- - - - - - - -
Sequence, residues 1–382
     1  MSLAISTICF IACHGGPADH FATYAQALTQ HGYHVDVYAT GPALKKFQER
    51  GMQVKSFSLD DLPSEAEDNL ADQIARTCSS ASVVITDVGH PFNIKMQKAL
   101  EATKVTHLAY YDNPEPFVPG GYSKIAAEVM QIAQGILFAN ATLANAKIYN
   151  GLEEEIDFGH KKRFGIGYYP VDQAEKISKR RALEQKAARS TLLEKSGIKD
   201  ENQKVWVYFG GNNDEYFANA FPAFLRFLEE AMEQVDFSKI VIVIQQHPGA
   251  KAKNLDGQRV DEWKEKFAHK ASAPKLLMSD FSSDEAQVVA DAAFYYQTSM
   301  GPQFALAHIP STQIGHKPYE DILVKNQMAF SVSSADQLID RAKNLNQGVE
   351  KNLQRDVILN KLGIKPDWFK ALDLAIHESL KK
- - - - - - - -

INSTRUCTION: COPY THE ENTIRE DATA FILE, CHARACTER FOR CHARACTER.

Sequence, residues 1–382
     1  MSLAISTICF IACHGGPADH FATYAQALTQ HGYHVDVYAT GPALKKFQER
    51  GMQVKSFSLD DLPSEAEDNL ADQIARTCSS ASVVITDVGH PFNIKMQKAL
   101  EATKVTHLAY YDNPEPFVPG GYSKIAAEVM QIAQGILFAN ATLANAKIYN
   151  GLEEEIDFGH KKRFGIGYYP VDQAEKISKR RALEQKAARS TLLEKSGIKD
   201  ENQKVWVYFG GNNDEYFANA FPAFLRFLEE AMEQVDFSKI VIVIQQHPGA
   251  KAKNLDGQRV DEWKEKFAHK ASAPKLLMSD FSSDEAQVVA DAAFYYQTSM
   301  GPQFALAHIP STQIGHKPYE DILVKNQMAF SVSSADQLID RAKNLNQGVE
   351  KNLQRDVILN KLGIKPDWFK ALDLAIHESL KK